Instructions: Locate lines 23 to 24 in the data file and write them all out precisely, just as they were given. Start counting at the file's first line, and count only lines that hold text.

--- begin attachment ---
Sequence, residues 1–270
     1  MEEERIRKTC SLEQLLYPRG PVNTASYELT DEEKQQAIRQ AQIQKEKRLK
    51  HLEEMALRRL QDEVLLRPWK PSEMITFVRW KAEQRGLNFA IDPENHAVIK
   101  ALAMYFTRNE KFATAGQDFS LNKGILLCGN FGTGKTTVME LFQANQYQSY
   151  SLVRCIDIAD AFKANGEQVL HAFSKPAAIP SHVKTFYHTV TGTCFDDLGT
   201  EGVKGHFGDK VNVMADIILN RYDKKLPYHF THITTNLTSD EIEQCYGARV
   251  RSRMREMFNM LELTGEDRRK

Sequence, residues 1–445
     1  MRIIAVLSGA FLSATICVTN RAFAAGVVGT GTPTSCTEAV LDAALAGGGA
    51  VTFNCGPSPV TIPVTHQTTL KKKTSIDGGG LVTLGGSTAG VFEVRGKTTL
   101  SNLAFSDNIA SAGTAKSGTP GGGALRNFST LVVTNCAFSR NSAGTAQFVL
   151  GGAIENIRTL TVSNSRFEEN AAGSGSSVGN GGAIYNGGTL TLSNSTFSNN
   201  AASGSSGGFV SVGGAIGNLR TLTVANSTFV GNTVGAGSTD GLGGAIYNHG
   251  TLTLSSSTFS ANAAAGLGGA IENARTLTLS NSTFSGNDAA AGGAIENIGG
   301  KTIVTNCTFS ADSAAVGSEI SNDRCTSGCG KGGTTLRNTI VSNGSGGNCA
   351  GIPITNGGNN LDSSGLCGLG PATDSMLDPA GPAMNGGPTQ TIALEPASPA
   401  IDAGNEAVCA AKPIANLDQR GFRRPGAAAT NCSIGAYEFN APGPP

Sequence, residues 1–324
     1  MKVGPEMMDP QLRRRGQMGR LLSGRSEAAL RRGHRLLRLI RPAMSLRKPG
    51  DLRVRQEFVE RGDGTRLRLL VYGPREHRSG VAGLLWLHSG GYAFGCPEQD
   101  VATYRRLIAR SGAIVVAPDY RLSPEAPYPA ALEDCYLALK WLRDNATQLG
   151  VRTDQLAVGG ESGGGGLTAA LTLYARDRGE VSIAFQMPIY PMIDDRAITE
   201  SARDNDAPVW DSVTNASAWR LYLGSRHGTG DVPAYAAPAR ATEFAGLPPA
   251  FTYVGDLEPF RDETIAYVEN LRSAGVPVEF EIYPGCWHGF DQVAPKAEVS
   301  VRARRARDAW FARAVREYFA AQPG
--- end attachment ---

   201  SARDNDAPVW DSVTNASAWR LYLGSRHGTG DVPAYAAPAR ATEFAGLPPA
   251  FTYVGDLEPF RDETIAYVEN LRSAGVPVEF EIYPGCWHGF DQVAPKAEVS